- Afghanistan - elections - fraud
AFP - Afghanistan's main challenger for the presidency warned Saturday that state-engineered vote fraud could fuel instability and Taliban insurgency, urging the international community to intervene.
August 20 presidential and provincial elections were tainted by claims of massive fraud and ex-foreign minister Abdullah Abdullah has taken the lead in denouncing President Hamid Karzai, who leads a partial vote count.
"We have insecurity in this country. We have bad government. We have corruption. We have narcotics. We have a war. We have an insurgency," Abdullah told a news conference in Kabul.
"On top of that, if a leadership is imposed on the people based on fraudulent elections what will happen? What will happen to Afghanistan?
"Regardless of what my sympathisers will be doing -- they might be staying calm -- but this in itself is a recipe for instability," he warned.
Abdullah urged the international community to investigate and said that a rigged election would hand another "excuse" to the increasingly deadly insurgency against the Western-backed Afghan authorities and foreign troops.
"I still urge our supporters to stay calm, but people's patience will run out one day because this situation cannot be sustained," he said.
"I hope that the international community looks into it and takes the gravity of the situation in Afghanistan and saves it," Abdullah added.
The Independent Election Commission (IEC) postponed the scheduled release of the latest results until Sunday or Monday because of what a spokeswoman called "a technical problem".
Abdullah urged the IEC to stop releasing results until all claims were investigated, charging that those announced so far included "highly suspicious" votes rigged in favour of Karzai from up to hundreds of polling stations.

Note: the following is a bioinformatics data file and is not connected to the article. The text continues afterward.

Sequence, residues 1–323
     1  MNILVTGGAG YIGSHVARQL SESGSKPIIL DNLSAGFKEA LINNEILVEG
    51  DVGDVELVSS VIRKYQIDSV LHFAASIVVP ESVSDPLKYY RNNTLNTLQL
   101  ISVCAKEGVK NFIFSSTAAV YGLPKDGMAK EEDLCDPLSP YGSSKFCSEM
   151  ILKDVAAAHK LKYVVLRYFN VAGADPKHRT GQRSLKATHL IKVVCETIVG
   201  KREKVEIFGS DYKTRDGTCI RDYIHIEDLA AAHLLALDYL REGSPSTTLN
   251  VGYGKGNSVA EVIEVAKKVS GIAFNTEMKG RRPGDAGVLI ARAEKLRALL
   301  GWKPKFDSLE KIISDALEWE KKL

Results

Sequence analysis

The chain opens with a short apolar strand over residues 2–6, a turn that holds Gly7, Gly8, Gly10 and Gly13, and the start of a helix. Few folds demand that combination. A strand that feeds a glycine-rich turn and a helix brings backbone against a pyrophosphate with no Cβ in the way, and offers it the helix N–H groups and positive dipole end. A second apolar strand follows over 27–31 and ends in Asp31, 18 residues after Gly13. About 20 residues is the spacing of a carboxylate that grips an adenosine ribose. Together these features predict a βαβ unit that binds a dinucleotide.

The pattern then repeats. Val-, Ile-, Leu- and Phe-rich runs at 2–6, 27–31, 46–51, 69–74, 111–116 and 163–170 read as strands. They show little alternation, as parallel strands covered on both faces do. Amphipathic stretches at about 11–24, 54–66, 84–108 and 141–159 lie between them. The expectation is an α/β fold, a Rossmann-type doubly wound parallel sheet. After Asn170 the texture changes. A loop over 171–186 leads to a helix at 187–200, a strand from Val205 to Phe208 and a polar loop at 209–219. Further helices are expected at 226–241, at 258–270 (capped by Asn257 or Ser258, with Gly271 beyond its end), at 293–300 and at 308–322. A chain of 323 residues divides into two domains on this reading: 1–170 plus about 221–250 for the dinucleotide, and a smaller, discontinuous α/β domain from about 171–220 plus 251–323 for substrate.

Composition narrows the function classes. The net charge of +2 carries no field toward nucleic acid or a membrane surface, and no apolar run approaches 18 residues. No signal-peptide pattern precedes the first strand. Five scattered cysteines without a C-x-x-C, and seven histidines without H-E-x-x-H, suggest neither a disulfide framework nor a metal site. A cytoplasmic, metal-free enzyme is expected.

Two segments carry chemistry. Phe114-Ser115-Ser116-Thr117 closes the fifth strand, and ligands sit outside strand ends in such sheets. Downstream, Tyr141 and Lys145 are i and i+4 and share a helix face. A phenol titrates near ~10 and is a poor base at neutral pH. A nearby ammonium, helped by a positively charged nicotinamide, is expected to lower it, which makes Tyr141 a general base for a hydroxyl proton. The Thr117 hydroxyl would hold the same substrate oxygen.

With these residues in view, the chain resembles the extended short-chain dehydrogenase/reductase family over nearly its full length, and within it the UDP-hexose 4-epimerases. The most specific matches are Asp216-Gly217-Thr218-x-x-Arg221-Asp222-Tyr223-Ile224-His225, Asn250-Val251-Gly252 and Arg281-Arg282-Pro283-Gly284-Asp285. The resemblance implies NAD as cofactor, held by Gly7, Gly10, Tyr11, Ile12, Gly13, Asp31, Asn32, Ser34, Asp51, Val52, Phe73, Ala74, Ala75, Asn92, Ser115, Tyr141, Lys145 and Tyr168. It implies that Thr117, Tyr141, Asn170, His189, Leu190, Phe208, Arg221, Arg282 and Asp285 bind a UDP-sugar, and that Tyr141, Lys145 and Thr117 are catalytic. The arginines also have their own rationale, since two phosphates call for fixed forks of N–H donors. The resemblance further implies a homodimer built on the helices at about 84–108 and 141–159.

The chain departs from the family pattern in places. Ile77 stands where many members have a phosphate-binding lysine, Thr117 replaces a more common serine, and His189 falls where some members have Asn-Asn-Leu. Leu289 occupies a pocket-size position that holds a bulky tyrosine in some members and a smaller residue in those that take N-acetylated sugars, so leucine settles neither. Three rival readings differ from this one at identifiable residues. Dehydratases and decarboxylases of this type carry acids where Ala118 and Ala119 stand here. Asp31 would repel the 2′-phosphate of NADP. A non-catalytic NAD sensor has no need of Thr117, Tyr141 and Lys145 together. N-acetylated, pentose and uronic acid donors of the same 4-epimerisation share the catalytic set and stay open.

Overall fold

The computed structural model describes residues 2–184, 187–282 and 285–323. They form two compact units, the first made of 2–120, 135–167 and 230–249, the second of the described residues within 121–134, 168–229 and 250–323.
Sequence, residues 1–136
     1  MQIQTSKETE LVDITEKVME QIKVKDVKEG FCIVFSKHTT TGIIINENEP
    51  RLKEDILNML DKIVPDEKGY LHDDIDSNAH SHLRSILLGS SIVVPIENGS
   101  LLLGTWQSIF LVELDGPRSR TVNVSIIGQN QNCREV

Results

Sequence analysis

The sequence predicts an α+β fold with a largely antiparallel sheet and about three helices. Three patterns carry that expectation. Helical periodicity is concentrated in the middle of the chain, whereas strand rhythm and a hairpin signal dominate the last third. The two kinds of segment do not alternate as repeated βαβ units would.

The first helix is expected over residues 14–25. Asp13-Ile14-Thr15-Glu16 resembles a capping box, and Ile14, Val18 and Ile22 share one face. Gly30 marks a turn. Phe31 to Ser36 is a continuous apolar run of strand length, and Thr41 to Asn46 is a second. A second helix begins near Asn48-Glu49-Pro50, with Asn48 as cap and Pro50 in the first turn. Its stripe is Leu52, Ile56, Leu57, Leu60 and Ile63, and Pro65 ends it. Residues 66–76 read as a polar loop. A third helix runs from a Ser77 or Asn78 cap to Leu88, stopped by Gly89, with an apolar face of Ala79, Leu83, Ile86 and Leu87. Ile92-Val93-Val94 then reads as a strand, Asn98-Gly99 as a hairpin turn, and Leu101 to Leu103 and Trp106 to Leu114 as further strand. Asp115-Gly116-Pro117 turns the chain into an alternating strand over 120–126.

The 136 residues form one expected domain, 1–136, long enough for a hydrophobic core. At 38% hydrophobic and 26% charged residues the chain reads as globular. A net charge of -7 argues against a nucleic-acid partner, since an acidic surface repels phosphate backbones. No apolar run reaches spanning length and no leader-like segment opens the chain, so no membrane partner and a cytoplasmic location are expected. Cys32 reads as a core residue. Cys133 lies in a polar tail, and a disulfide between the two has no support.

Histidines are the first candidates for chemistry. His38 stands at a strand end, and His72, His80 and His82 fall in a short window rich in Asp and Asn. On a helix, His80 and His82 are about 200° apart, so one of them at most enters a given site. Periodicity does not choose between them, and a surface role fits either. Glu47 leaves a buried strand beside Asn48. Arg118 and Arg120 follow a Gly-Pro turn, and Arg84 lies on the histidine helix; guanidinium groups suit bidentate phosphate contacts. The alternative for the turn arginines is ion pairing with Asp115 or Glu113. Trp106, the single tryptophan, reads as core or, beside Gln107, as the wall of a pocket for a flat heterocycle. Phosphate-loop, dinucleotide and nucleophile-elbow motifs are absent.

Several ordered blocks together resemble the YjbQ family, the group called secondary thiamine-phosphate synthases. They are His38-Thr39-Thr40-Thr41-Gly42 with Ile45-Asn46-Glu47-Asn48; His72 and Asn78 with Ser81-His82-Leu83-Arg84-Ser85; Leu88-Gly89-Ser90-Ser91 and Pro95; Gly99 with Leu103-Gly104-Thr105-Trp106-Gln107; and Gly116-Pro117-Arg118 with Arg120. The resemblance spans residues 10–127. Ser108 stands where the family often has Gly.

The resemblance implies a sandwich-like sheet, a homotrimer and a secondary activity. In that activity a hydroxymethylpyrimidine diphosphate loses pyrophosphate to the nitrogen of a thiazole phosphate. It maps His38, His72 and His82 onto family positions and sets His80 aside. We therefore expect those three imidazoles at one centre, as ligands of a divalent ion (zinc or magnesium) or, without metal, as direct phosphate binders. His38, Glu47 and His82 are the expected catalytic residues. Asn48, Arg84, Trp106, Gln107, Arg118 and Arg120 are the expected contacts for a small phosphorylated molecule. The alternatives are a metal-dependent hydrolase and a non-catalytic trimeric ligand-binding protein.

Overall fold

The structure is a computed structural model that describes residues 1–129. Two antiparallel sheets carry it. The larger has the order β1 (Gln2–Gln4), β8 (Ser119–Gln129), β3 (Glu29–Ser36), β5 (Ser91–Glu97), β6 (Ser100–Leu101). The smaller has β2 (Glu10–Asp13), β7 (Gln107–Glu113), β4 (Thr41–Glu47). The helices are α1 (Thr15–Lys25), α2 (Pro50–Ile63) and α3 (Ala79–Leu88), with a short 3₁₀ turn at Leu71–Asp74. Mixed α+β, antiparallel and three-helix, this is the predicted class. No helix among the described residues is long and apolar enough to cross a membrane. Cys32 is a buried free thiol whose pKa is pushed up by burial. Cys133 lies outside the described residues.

"It is illegal, it is against the electoral law but also... it is fraudulent," he said.
Spokeswoman Marzia Siddiqi said the IEC hoped to release the preliminary result at its next announcement. Final results are not due before September 17, but could also be delayed by inquiries from a complaints commission.
Results announced so far hand Karzai a lead of 47.3 percent from 60 percent of the polling stations and Abdullah 32.6 percent.
Both have claimed victory and Abdullah reiterated Saturday that he would reject any result he regards as compromised by fraud.
The winner needs to secure an outright majority of 50 percent plus one vote in order to avoid a run-off, which many observers have warned could be damaging if turnout proves even lower a second time round.
There have been fears that the results could effectively divide the country. Abdullah has his powerbase in the north, among ethnic Tajiks, while Karzai is influential in the Pashtun-dominated south.
NATO and Western allies have stressed in recent days their long-term commitment to keeping troops in Afghanistan to fight a resurgent Taliban, despite concerns about fraud and low turnout in the elections.
A NATO air strike in northern Kunduz province on Friday, which officials said killed scores of people, revived controversy over Western military operations that kill civilians as well as the intended insurgent targets.
Karzai said any targeting of civilians was unacceptable. His office said 90 people were killed and injured.